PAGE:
Dawn Pilatowicz’s hero has fur and four paws.
Dawn is a Marina da Gama resident whose service dog Shyann has utterly revolutionised her world.
“I promise you, this dog has socialised me, not the other way around,” she laughs.
Shyann came to Dawn as a two year old, seven years ago. She is the reason that Dawn leaves home every day on her mobility scooter – owning a dog is a responsibility and this? This is more than just
a dog. This is Dawn’s independence.
Once a year, as a way of saying thank you for the incredible support they are provided with through their dogs, Dawn and her friend Janice Salthouse organise a fund-raising event in Fish Hoek.
Every penny of the evening is given to the South African Guide Dog Association, and this event is a genuine celebration of the unique place these service dogs hold. It is organised and held by service dog owners.
“We want to give people an insight into our lives, teach them the difference between a guide-dog and a service-dog, and share the amazing ways that service dogs change the lives of disabled people,” Dawn said.
“These dogs are our lives. Without them we’d be lost.”
Dawn’s life was radically changed when she was just 29 – by the diagnosis of Polymyositis – a degenerative muscle disease.
“I had slow onset which means I’d probably had it for a while and just hadn’t noticed it,” she said.
There is no known cure.
Over the years Dawn has gone from being young fit and extremely active – building and racing yachts – to not being able to dry her own hair or carry her own cup of tea.
Today she needs an electric bed to help her sit up and her independence beyond her home is only due to her mobility scooter and her service dog, Shyann.
“We are well known in Park Island, Marina da Gama and I am very much the extension of her, not the other way around. She is a total social butterfly, this dog. But take her off the lead, and she becomes just a dog again too, and her many visits to the parlour are less about being fussed over than they are about her utter delight to roll around in duck poo,” Dawn laughs.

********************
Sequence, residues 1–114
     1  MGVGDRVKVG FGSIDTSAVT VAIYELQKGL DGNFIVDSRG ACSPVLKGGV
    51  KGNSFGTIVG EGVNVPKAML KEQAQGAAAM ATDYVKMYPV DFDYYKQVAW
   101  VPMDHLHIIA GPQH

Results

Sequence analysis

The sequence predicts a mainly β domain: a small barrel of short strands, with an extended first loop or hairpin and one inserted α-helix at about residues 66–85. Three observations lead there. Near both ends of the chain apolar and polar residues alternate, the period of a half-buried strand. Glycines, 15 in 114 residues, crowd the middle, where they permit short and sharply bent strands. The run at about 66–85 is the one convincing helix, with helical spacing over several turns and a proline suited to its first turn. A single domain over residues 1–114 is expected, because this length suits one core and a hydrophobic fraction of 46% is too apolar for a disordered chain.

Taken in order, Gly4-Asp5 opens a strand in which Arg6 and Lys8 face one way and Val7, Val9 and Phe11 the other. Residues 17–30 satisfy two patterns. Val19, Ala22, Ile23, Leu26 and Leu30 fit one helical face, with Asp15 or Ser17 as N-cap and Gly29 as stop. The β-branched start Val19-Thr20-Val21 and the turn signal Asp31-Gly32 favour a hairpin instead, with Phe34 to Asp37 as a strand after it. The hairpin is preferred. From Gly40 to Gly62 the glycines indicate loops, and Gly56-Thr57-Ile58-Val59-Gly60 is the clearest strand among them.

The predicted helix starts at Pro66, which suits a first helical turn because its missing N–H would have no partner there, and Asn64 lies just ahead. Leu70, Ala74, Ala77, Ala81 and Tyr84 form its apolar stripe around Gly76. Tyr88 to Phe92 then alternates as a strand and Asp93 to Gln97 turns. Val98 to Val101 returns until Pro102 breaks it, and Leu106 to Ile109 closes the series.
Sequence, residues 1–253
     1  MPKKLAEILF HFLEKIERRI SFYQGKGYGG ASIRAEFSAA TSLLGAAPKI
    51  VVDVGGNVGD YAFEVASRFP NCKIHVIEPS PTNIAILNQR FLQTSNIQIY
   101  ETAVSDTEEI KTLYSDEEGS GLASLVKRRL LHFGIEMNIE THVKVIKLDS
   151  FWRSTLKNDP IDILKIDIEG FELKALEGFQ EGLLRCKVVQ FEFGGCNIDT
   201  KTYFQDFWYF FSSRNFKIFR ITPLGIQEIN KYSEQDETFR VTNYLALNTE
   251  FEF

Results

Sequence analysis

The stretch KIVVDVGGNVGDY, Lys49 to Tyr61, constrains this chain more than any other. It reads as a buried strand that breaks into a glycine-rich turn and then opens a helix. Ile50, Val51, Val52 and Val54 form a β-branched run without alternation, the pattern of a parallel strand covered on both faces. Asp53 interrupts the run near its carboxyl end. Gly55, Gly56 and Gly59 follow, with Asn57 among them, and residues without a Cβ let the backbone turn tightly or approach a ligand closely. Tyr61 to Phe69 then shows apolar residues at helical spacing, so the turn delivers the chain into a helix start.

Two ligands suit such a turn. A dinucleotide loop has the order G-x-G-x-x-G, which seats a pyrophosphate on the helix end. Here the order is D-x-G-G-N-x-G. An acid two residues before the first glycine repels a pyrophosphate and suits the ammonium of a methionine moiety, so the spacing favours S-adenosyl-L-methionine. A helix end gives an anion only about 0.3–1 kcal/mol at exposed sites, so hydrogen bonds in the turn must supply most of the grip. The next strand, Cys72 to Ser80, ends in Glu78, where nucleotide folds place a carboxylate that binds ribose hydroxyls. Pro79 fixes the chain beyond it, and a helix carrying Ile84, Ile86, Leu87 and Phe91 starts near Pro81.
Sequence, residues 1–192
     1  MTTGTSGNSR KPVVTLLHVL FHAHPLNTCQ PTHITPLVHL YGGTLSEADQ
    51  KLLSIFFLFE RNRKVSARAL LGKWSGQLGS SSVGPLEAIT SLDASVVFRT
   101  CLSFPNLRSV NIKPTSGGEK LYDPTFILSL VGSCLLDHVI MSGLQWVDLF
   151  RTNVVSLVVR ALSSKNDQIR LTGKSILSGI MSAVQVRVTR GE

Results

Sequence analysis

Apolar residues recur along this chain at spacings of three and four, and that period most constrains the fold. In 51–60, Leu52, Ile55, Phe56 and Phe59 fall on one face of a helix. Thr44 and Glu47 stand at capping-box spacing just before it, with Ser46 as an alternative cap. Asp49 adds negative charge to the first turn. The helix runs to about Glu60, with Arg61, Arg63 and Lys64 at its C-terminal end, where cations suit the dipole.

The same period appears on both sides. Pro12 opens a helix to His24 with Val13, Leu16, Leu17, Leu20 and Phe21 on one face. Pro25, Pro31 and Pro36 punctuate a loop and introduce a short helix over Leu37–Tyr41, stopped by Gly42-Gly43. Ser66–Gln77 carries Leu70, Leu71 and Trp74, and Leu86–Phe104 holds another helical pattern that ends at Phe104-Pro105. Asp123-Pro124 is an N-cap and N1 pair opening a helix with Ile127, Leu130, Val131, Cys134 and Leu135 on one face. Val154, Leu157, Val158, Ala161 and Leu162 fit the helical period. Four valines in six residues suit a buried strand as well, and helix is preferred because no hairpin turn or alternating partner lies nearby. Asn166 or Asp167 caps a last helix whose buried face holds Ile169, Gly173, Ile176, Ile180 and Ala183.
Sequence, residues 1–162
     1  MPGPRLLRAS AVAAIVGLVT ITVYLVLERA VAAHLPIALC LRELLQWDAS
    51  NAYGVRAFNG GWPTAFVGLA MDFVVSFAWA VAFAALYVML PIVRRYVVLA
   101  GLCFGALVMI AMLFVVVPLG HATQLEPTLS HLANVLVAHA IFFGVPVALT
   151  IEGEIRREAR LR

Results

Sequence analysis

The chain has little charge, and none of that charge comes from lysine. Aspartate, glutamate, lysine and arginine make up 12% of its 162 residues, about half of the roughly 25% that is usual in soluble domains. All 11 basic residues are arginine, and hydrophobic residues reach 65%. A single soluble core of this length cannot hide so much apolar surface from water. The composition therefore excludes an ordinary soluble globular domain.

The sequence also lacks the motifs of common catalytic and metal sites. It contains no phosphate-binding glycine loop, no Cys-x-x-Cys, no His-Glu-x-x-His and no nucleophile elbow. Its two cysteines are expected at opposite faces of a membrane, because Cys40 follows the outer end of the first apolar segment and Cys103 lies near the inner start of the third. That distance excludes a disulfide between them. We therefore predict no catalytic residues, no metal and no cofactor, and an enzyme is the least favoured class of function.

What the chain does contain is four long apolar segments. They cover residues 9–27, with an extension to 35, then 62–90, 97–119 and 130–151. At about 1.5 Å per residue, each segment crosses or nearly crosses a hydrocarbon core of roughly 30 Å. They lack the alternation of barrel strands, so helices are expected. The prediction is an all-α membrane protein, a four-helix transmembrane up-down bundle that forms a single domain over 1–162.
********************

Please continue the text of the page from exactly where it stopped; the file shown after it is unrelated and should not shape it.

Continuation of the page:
She says that people are mostly well meaning, but can also miss the peculiarities of reliance on an animal. “For instance, when people stop to pet a guide dog, the dog is always keen; and I love it because I can see and hear what is going on but some people with service dogs are blind or deaf-blind, and don’t understand why their dog is no longer responding to them,” Dawn said.
Janice explained her vision: “My mission for this annual fundraiser is to create public awareness, as well as awareness in business and shopping malls about our guide dogs, service dogs, autism dogs and their owners. We need people and business to understand how the dogs help us – and the challenges we go through in everyday life. These dogs are our independence and help us to function without having someone to continually ‘baby’ us and take us places – just because we cannot get around as easily by ourselves,” she said.
Dawn said: “The support these dogs give us, make them our heroes. Giving the public a glimpse into our daily life will be an eye-opener to many of those who think our dogs are not allowed in public. They never see how our dogs continue to support us, throughout each day.”
The fund-raiser doubles as a chance for businesses and staff to learn how to share their space with the variety of people who rely on these special dogs.
The evening will feature a talk by Mark Cussons and his guide dog Tokoa, in which he will share the movements of a day in his life, and how Tokoa guides him.
Singer Michelle Botha and her guide dog Panda will be there to entertain, and there will be puppies in training present at the fund-raiser.
It costs R80 000 to put a single dog through the stringent training to become a service dog, and they spend an average of 10 years in service.
When they retire, their person has first choice on whether they keep the dog. “Everyone wants to, but the reality is that many people cannot afford the upkeep of two dogs, and many service dogs need to find new homes. Luckily, there is a long waiting list of people who want to give them a home where they are treasured pets at the end of life of service,” Dawn said.
She said those who have service or guide dogs understand deeply how well needed they are, and their fund-raising event is a way to show their gratitude for their dogs.
“The costs are steep – but the dogs and what they do? They are priceless,” she said.
At R160 a person the night promises to be filled with good information, entertainment, great food and lots of working dogs with their owners. Held on Friday February 17, at the Fish Hoek civic centre, the fund-raiser is close to Valentine’s Day so it doubles as a way to celebrate love; for special humans and animals.
The night starts at 7.30pm. Book on: http://tinyurl.com/LYGD17Feb17 or call Dawn at 083 226 8250.